Scarlett Johansson got a lot of flack for taking the role of Major. And as much as I genuinely like her as an actor, it’s completely understandable. After all, it was based on Japanese source material, and the original character was named Major Motoko Kusanagi, and Asian actors are having a hard enough time getting lead roles in big movies, and also the fact that we’ve dealt with this exact same controversy with like several other big movies before this was even made. Common sense overruled by nonsensical film industry self-fulfilling economics, what else is new? So, what does the film do? Well, it changes the Major’s origin to that she is a refugee whose parents died in an accident that almost killed her before she was taken in and had her brain transferred into a cybernetic body, or a “shell” if you will. OK, create a multicultural environment, make it plausible that our main character would be white in a story that takes place in Tokyo. It doesn’t necessarily excuse the film, but at least they provide a reason for getting someone like Johansson for the role. That is, until they suddenly don’t. The big arc for Major is to find out who she was, her memories are distant, fading, appearing as sudden glitches, she’s not who she once was, like a “ghost” if you will. Anyway, we do eventually find out where she came from when she visits the home of an elderly woman…who is Japanese. Major finds out she was a young Japanese runaway named Motoko that was forcibly taken, among many others, by the (laughably obvious) evil corporation called Hanka. Yes, Scarlett Johansson is literally playing a Japanese woman. I have never been this close to audibly saying “oh, no” in the middle of a packed theater in my life. Why make this choice? Why fight the whitewashing controversy by practically washing white over a Japanese character. It’s made even more annoying because Ghost in the Shell was fascinating in how it explored the idea of fluidity in identity, be it gender, sexuality, etc. The film could’ve easily thrown race into that mixture as well. However, Major doesn’t ever talk about how she looks so different, and how it affects her, how it challenges her feelings on her identity. Even on a basic surface level, the film could’ve somewhat salvaged a horrendous decision by applying some thought to it, but it simply chose not to. None of the possibly interesting ideas are explored, and we’re left with the same kind of shit that made people go nuts like when Emma Stone played a partially Chinese woman in Aloha. Remember that nonsense?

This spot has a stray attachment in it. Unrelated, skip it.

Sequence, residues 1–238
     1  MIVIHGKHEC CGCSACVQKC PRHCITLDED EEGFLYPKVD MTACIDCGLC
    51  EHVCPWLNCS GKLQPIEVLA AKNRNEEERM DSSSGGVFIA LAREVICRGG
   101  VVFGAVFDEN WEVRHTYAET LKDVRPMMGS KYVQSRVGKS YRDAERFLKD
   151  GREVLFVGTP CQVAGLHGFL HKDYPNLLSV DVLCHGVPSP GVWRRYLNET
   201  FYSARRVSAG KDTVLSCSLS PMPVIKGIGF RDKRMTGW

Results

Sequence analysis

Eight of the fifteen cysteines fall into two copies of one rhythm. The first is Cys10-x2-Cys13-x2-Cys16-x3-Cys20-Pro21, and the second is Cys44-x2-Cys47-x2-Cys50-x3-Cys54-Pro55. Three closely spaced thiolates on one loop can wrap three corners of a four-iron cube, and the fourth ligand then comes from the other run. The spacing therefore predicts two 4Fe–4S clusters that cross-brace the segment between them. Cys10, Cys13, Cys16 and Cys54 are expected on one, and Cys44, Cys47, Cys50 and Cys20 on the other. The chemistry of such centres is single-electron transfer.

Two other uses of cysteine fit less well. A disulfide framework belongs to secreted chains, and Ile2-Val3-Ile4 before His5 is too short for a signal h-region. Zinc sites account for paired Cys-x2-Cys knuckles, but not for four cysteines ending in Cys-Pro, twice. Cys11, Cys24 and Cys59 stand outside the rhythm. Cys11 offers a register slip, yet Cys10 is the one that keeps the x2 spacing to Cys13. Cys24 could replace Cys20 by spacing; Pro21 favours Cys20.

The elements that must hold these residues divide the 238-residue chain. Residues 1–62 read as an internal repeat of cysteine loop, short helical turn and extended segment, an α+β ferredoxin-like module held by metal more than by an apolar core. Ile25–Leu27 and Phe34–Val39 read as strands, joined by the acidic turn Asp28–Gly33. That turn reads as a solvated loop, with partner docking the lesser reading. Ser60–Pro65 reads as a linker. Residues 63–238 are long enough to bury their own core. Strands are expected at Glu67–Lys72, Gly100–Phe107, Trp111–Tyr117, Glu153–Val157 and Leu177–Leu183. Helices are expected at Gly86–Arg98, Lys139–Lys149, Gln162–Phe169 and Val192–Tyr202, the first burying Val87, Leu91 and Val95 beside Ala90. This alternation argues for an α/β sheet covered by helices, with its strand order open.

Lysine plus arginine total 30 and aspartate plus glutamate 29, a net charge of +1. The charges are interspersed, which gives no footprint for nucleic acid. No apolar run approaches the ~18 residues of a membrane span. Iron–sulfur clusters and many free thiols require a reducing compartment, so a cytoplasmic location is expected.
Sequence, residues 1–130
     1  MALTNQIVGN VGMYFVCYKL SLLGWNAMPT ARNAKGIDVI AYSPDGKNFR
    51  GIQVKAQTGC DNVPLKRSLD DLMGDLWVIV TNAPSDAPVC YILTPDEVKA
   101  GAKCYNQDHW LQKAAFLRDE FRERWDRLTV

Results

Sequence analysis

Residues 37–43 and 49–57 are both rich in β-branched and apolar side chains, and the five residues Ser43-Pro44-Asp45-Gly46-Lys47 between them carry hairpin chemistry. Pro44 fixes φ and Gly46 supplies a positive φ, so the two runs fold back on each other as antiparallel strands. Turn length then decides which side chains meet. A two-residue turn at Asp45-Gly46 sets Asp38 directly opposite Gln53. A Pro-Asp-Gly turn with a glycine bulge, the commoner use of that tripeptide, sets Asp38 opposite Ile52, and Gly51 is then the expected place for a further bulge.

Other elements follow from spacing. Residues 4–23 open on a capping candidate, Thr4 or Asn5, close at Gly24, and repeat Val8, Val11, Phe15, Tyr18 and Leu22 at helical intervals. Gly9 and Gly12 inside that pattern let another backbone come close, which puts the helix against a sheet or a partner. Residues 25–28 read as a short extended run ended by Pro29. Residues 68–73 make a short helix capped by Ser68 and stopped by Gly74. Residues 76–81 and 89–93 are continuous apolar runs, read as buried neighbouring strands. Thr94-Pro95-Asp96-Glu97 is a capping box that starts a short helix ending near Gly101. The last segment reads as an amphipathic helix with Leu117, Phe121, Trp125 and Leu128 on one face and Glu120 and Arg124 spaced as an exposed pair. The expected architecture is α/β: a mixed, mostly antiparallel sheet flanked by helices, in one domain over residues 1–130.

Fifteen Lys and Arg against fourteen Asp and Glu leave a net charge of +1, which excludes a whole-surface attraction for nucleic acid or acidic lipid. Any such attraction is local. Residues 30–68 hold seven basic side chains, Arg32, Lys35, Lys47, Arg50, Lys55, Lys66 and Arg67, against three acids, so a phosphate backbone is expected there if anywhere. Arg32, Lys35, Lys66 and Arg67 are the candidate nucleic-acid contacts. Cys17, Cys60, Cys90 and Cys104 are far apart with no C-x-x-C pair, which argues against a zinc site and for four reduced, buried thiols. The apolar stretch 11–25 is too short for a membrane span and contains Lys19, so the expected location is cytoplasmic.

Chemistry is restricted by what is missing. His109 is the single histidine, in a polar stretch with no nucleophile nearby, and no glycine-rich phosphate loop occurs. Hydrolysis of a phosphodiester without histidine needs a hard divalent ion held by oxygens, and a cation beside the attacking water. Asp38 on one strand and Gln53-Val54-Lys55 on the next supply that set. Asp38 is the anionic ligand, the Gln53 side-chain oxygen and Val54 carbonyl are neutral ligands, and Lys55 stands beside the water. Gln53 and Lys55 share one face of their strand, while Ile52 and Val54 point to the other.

OK, end of spoilers.
Like I said, the whitewashing is really what pushes this film over the edge of the cliff and onto a pile of sharp rocks. The other problems are fairly basic stuff. It’s dull. It’s characters are thin. It feels lifeless. Everyone talks in that super serious, moody, whisper-voice. The action is awkward, with the choreography and editing being devoid of any kind of rhythm. It took every fiber of my being to not check my watch every five minutes. There’s nothing particularly interesting about this film that hasn’t been done better in countless other sci-fi films like Blade Runner, or The Matrix. Hell, we even got a Blade Runner sequel, and a film called Mute coming out later this year, and they both look like they basically take place in the same universe. Or you know, just watch the original Ghost in the Shell. The animation is still impressive to this day, and way more watchable than the obnoxious CG overload in this garbage.
The 2017 Ghost in the Shell will undoubtedly go down as a disaster that future filmmakers will look at and study, so they will know what to not do if they decide to tackle another anime or any other foreign intellectual property for that matter. It’s a good thing Scarlett Johansson already has her credibility as a legitimate talent and endless Marvel checks to keep her set for life because if this was some nobody, it would be an instant career killer. Some decent production design, and a reasonably solid ensemble is simply not good enough anymore. This is 2017, not 1997. We have the technology, we have the resources to do better, and insert Uncle Ben quote here. The quicker we can learn from the mistakes made in Ghost in the Shell, the quicker we can all forget that it ever happened.
Oh, and in case any of you were wondering. That kissing shot in the trailer (1:01 in the video above)? Yeah, it’s not in the movie. The scene is, but that moment isn’t. Just fyi.